Lionsgate Home Entertainment // R // $26.98 // October 15, 2013
Review by Rohit Rao | posted December 18, 2013
Highly Recommended
E - M A I L
this review to a friend
Graphical Version


There was a time when Ingenious was known as Lightbulb. Given the film's subject matter, the original moniker was much more fitting than the bland, generic title it ended up with. This is a rags to riches story that builds upon the idea that a spark in the dark is sometimes all one needs to turn one's life around. It is a simple tale of a man and the moment of inspiration that ultimately pulled him out of the hole he had dug himself into.

The man is Matt (Dallas Roberts) and at the film's outset, he's a novelty watch salesman. Along with his pal, Sam (Jeremy Renner), he tries to sell cute themed watches to pet stores and golf pro shops. The watches themselves are clever in a kitschy sort of way but they aren't selling very well because Matt doesn't have the resources to give them the marketing push they require. A few ill-advised attempts at raising capital through gambling earn him the ire of his wife Gina (Ayelet Zurer). Not helping matters is Sam who is often the one giving the ill advice. After Matt runs afoul of a shark in a suit played by Richard Kind, things spiral out of control. With his personal and professional life in utter shambles, he gives up on his dream of being an inventor. Of course, just as he does so, the perfect idea presents itself to him.

I would love to tell you what Matt's big invention is but the buildup and reveal is such an invigorating moment in the film that I don't dare spoil it here by just blurting it out. It's still a goofy idea but sort of great in a way that makes you wonder why you didn't think of it first. The film is based on a true story (the story of writer/producer Mike Cram in fact) and the invention will be instantly recognizable to you when you see it. There's a strong possibility you own one or know someone who does. But the amazing thing is, that's almost beside the point. Despite having a ubiquitous invention at its core, this is Matt's story first and foremost. The gadget may prove to be his agent of redemption but it is the redemption itself that gives the film its narrative weight.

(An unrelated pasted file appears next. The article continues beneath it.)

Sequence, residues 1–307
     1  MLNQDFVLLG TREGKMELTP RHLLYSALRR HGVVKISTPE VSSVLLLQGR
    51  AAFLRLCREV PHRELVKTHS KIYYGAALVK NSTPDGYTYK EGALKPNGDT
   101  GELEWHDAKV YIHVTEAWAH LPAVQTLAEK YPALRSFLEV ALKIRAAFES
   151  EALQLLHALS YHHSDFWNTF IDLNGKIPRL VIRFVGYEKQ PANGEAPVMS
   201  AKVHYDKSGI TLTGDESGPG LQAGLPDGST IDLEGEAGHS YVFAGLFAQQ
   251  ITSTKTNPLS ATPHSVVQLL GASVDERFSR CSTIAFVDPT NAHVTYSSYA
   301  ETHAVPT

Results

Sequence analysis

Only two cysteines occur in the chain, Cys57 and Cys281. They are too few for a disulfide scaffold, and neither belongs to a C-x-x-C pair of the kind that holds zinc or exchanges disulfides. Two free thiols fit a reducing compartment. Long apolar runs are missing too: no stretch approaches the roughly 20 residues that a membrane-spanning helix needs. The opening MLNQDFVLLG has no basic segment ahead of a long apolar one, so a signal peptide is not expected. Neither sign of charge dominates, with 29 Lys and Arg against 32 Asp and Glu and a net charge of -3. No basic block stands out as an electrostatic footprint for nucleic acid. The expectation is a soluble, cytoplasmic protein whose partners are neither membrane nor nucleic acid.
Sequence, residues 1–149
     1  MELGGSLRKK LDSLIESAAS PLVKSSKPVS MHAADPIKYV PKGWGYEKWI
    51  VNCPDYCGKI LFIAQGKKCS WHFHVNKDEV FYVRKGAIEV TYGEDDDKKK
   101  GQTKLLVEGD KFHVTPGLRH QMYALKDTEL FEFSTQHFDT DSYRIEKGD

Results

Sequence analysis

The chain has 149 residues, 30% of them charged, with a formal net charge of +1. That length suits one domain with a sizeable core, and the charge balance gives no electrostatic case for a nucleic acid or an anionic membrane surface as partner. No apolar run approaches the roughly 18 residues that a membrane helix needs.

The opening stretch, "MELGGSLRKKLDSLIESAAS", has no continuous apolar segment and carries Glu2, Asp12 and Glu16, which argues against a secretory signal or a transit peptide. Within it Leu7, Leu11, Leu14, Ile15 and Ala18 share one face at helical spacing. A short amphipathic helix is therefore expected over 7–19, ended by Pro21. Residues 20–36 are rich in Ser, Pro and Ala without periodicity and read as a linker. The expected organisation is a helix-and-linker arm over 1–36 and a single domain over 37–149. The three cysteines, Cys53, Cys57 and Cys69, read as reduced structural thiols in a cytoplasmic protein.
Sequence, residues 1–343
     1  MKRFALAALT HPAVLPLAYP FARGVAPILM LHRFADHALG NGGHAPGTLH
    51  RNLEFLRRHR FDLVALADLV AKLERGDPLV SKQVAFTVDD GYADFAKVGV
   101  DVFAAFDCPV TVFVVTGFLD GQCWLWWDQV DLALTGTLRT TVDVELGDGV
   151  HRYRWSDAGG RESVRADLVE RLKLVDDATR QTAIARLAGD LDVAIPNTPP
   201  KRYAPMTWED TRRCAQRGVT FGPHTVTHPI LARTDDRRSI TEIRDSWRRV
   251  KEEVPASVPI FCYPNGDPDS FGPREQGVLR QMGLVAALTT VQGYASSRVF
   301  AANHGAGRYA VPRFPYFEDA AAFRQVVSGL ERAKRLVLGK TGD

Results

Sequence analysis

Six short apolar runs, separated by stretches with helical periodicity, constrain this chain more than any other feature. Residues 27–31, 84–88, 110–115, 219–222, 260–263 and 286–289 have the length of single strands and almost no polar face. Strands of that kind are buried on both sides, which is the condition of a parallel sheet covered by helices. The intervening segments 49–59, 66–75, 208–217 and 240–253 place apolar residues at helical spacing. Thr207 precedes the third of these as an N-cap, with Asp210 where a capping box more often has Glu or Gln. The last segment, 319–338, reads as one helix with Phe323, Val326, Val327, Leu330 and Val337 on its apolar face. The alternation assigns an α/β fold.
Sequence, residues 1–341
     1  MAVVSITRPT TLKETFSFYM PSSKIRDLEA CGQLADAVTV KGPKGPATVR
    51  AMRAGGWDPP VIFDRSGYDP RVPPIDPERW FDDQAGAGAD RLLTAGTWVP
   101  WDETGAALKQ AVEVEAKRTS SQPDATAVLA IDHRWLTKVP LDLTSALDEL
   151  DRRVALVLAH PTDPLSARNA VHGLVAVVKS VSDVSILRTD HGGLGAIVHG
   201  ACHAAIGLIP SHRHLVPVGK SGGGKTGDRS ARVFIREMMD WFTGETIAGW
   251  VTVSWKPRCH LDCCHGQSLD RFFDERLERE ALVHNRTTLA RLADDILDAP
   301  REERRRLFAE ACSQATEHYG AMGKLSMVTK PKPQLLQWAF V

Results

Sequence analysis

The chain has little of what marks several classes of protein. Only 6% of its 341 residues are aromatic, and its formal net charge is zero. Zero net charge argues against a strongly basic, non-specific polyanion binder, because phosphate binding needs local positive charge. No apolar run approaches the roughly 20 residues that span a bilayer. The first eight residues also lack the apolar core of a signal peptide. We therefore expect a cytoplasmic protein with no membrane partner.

I've talked up Matt quite a bit but this is hardly a one man show. Sam and Gina are instrumental in his growth and ultimate success, albeit in very different ways. Sam is the king of bad ideas but Renner (in a performance that came around the same time as his breakout role in The Hurt Locker) plays him with such energy and conviction that you almost believe that his next harebrained scheme will be the one. One could see how Matt would fall under his sway. At the other end of the spectrum of reason is Gina who supports her husband's career as a professional dreamer. She sees the value in his ideas when everybody else is looking at him sideways. Both Sam and Gina have character arcs of their own with Sam's fast-talking bravado slowly slipping away and Gina learning how to assert her independence.